In 2011, Louisville became affiliated with Orlando City S.C., a professional soccer team based in Orlando, Florida, United States that plays in the American Division of the new USL Professional Division, the third tier of the American Soccer Pyramid. The team was created by Phil Rawlins, a board member of English Premier League club Stoke City, as part of an effort to eventually bring MLS to the city. Wayne Estopinal serves as part-owner of both the Lightning and Orlando City, hence their partnership.

The affiliation paid off early for Orlando City, as University of Louisville standout Charlie Campbell was signed to a 2-year contract in May 2011 thanks in small part to his connection with Estopinal. Campbell had previously been drafted by FC Dallas in the 2011 MLS SuperDraft,[10] but was not offered a contract.

Louisville Lightning Reserves[edit]

The Louisville Lightning Reserves were created in fall 2010 in order to begin play in the Premier Arena Soccer League (PASL-Premier), the official developmental league for the Professional Arena Soccer League (PASL-Pro). The team joined the Midwest Division, joining the Cincinnati Saints, Cincinnati Kings Reserves, Piasa FC, FC Indiana, Paducah Wildcats, and Evansville Crush.

The Lightning Reserves had a rough start to their inaugural 2010-11 season, going 1-5 with their sole victory against the winless Paducah Wildcats. However, they finished the season with two home victories against FC Indiana and Paducah to end the season 3-5, just behind Piasa FC at 3-4-1.

The Reserves hit a high note during qualifying for the 2010-11 US Open Cup. Victories against the independent Rochester Rhinos (2-1) and UFC Eagles (5-1), followed by a close loss to the Evansville Crush (4-3), put the team at 2-1 and tied with Rochester in total points. However, the Lightning were one better in goal differential, and advanced to the final for a rematch against Evansville. At the end of regulation, the match was tied 6-6, but Evansville prevailed in overtime 7-6 to earn a matchup against the Louisville Lightning PASL-Pro team. In that game, the Lightning put an end to Evansville's run 25-3.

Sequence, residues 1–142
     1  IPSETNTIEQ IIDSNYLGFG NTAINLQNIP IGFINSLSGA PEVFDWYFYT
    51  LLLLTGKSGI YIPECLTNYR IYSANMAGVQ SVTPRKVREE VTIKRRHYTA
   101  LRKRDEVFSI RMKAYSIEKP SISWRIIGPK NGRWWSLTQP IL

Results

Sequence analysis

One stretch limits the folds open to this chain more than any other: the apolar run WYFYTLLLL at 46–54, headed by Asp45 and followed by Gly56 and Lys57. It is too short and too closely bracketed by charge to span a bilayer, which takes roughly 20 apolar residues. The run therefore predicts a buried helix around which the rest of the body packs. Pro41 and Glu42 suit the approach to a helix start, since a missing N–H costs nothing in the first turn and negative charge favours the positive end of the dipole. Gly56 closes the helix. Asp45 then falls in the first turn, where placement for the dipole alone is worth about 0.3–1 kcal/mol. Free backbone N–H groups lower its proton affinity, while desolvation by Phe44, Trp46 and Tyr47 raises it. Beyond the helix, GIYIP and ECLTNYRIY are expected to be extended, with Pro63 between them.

Juventus Lightning[edit]

The Juventus Lightning were created in spring 2011 as a partnership between the Louisville Lightning, Juventus Louisville Soccer, and America in order to expand opportunities for the multicultural community of Louisville to participate in and develop the highest level of amateur soccer in Kentucky. Previously, four members of the Lightning roster had been featured on the Juventus team: Jerry Chavez, Mariano Gonzalez, Safet Kovacevic, and Aziz Beganovic. Several members of the Louisville Lightning Reserves were featured for the team, which participates in the Louisville Latino Soccer League.

The newly partnered team began with a bang, winning the Greater Louisville Soccer League's Men's Open Division in May 2011, with Beganovic earning the title of tournament MVP.[11] Soon afterwards, the Juventus Lightning took part in the Jasmin Batanovic Memorial 6v6 Soccer Tournament, and fought off teams from around the region and as far away as Chicago to earn its second title in two tries.[12] Success also came in the Louisville Latino Soccer League, opening their season with an undefeated 9-0-1 mark, good enough for first place.[13]

See also[edit]


External links[edit]